To some, art and music may seem like worlds apart, but creative collaborations between the two have proven invaluable to artists of both the visual and auditory kind, giving commercially-inclined musicians an aura of intellectuality and artists some much appreciated mass exposure. Yesterday, Lady Gaga revealed that Jeff Koons has created a sculpture of her for the cover of her latest album, ARTPOP. In the late 1960’s Andy Warhol was one of the pioneers in such collaborations thanks to his involvement with The Velvet Underground. He not only choreographed their shows with film projections and designed their album cover art but he also managed the band for many years, even introducing German singer Nico to the scene.
Now plenty of singers are jumping on the art bandwagon; from Lady Gaga with her outlandish designer outfits to Kanye West with his 2007 collaboration with Japanese artist Takashi Murakami, who was responsible for the cover of the ‘Graduation’ album as well as the music video to ‘Good Morning’. More questionable pairings have of late also included the six hour long live rap and dance performed by Jay Z and grandmother of performance art Marina Abramovic.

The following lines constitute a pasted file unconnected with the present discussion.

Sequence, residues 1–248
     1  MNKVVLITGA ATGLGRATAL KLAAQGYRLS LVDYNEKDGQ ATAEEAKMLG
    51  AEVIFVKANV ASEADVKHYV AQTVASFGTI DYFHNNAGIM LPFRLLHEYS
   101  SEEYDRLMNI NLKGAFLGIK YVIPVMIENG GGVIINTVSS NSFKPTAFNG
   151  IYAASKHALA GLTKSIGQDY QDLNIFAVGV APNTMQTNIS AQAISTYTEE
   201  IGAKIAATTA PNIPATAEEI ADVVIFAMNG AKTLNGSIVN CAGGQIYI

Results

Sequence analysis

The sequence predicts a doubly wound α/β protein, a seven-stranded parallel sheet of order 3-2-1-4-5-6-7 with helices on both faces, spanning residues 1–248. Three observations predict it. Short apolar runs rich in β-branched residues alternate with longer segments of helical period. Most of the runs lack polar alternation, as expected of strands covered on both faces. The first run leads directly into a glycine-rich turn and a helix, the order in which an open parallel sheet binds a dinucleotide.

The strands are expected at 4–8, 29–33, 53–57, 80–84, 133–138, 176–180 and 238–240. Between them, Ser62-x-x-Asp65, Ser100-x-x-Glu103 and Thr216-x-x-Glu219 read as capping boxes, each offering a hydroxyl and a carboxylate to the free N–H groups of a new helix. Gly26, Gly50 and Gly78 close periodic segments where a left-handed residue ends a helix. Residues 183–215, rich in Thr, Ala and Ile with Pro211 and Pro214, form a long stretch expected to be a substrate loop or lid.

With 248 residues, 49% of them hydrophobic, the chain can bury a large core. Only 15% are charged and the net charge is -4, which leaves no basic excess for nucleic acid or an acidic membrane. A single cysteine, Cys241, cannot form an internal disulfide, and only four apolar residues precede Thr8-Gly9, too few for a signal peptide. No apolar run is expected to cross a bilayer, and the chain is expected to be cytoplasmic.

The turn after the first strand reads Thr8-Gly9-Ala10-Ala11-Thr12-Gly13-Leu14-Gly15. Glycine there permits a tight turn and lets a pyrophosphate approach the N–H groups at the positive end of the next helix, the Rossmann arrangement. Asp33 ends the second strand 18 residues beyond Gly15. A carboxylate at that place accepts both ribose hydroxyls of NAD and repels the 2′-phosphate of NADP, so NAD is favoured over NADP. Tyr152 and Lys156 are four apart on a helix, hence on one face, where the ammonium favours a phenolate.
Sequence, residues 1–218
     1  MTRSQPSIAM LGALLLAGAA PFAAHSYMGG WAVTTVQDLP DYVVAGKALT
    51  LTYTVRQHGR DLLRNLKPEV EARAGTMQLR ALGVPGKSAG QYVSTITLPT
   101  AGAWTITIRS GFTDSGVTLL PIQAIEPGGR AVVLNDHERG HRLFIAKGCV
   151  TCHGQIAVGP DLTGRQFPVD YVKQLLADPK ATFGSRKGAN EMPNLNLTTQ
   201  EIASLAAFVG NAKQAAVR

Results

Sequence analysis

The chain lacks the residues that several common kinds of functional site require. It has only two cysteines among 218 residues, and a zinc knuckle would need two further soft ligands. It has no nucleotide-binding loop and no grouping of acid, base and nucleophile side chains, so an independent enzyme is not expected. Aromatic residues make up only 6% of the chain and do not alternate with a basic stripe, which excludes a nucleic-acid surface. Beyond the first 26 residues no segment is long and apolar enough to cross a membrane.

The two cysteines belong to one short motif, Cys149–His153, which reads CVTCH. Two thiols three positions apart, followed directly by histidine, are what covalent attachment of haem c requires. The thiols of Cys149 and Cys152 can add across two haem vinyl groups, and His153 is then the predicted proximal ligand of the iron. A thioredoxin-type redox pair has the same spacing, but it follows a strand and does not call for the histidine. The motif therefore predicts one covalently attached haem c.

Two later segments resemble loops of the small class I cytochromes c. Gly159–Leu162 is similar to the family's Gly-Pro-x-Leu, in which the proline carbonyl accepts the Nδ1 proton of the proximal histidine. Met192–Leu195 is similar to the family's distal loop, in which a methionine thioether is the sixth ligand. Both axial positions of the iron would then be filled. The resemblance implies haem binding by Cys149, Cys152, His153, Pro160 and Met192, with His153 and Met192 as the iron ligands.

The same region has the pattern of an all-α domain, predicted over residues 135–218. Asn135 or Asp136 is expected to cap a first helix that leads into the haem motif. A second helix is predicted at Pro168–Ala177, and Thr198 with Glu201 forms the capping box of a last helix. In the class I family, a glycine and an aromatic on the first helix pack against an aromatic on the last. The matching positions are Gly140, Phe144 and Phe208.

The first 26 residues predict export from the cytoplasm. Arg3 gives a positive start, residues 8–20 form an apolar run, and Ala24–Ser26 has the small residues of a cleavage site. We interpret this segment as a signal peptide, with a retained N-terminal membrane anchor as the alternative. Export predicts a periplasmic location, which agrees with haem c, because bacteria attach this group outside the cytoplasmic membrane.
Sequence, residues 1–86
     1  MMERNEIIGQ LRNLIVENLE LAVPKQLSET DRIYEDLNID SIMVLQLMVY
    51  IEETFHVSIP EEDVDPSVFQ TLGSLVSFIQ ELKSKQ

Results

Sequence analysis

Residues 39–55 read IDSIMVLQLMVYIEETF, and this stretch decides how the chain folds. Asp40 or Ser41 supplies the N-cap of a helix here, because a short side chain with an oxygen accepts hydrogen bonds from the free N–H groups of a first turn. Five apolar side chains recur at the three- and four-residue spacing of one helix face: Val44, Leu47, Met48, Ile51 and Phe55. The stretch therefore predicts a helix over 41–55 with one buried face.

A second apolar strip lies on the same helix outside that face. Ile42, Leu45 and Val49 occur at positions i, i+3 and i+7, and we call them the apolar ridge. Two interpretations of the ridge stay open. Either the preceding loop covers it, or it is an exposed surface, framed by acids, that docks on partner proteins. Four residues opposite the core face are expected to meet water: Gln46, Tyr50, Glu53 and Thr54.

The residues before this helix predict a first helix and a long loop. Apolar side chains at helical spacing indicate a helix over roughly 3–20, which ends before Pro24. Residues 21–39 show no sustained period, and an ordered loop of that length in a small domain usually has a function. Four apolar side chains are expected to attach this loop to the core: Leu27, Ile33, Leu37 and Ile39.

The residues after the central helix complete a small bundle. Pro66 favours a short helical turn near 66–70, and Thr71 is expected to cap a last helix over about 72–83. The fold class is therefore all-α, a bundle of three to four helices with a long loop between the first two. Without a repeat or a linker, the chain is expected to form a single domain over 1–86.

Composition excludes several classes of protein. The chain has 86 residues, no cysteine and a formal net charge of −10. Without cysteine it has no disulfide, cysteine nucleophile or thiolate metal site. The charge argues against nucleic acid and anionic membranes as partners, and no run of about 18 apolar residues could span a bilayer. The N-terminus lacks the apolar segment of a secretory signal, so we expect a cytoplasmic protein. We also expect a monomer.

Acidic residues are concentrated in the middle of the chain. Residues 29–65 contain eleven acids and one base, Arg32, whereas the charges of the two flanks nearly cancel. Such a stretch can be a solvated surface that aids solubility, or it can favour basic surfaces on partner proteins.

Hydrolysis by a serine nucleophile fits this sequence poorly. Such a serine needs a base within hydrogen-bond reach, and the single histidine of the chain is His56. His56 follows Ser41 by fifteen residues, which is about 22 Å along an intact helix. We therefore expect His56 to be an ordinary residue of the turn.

I still reserve much admiration for Bjork who is always pushing the envelope in her songs as well as her artistic involvement. Some notable exhibits of such are her notoriously bizarre music videos like the Eiko Ishioka directed ‘Cocoon’ where the singer is engulfed in a shiny red web as well as her album covers shot by the greats of photography like Nick Knight and Ineez Van Lamsweerde & Vinoodh Matadin. And how could I not mention the hair-raising film project Drawing Restraint 9, an abstract critique of Japanese culture, which she worked on with artist husband Matthew Barney.
And while it may take me some time to get my head around some of the more alternative collaborations (though I did have a Brazilian friend who couldn’t get enough of Bjork’s whale songs…), I appreciate the artistry that goes into the creation of something meant to challenge the norm.